Face of Defense: Reservist Pursues Higher Learning
JOINT BASE MCGUIRE-DIX-LAKEHURST, N.J. – Army Spc. Joshua Meyer used his physical strength and stamina to finish first during the road march portion of the Best Warrior competition hosted here by the Army Reserve's 99th Regional Support Command and 76th Operational Response Command last week.
In civilian life, Meyer is using his intellectual prowess on the road to obtaining his undergraduate degree from Roberts Wesleyan College in Rochester, N.Y.
"Being in college during the week and then on duty during the weekends works out quite well with my schedule," said Meyer, a trumpet player with the Army Reserve's 198th Army Band, headquartered in Rochester. "The Army Reserve has helped me out quite a bit financially with my civilian education."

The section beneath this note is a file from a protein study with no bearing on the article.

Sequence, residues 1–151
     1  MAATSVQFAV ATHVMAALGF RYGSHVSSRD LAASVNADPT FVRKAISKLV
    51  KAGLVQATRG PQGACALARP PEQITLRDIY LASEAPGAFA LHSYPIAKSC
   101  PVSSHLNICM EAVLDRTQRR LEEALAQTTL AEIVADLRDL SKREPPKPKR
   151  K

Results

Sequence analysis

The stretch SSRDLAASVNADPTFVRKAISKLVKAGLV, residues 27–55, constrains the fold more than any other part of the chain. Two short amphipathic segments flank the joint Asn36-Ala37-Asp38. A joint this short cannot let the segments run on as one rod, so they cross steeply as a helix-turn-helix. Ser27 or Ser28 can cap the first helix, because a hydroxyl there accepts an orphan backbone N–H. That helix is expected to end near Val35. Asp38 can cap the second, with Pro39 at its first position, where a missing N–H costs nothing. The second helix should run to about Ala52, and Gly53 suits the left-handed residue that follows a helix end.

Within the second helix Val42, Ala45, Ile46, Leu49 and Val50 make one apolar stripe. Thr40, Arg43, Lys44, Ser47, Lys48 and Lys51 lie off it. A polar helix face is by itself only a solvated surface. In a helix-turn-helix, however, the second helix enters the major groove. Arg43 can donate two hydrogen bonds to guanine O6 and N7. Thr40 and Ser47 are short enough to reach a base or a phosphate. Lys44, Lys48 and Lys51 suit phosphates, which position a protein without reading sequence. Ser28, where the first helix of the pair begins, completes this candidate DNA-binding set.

Meyer has served in the Army Reserve for the past three years and is a recipient of the gold German Proficiency Badge.
"Being a citizen-soldier in the Army Reserve means that I get to have a civilian life with a job and school, then I get to become a soldier when I put the uniform on," he said. "It is the best of both worlds."
In addition to the road march event, the Best Warrior Competition tested citizen-soldiers' warrior skills with events such as the Army Physical Fitness Test, M16 qualification and "move and shoot" ranges, hand-to-hand combatives, day and night land navigation, and urban combat.
"We've been planning this for the past eight months," said Army Command Sgt. Maj. Jesus DeJesus, coordinator and noncommissioned officer in charge of the Best Warrior Competition. "Some of us don't do this type of training all the time, so it's good for the competitors."
The Best Warrior Competition tested the physical, mental and emotional stamina of its competitors over several days, pushing them to their limits.
"The competition was a great experience that was offered to me, and I could not pass it up," Meyer said.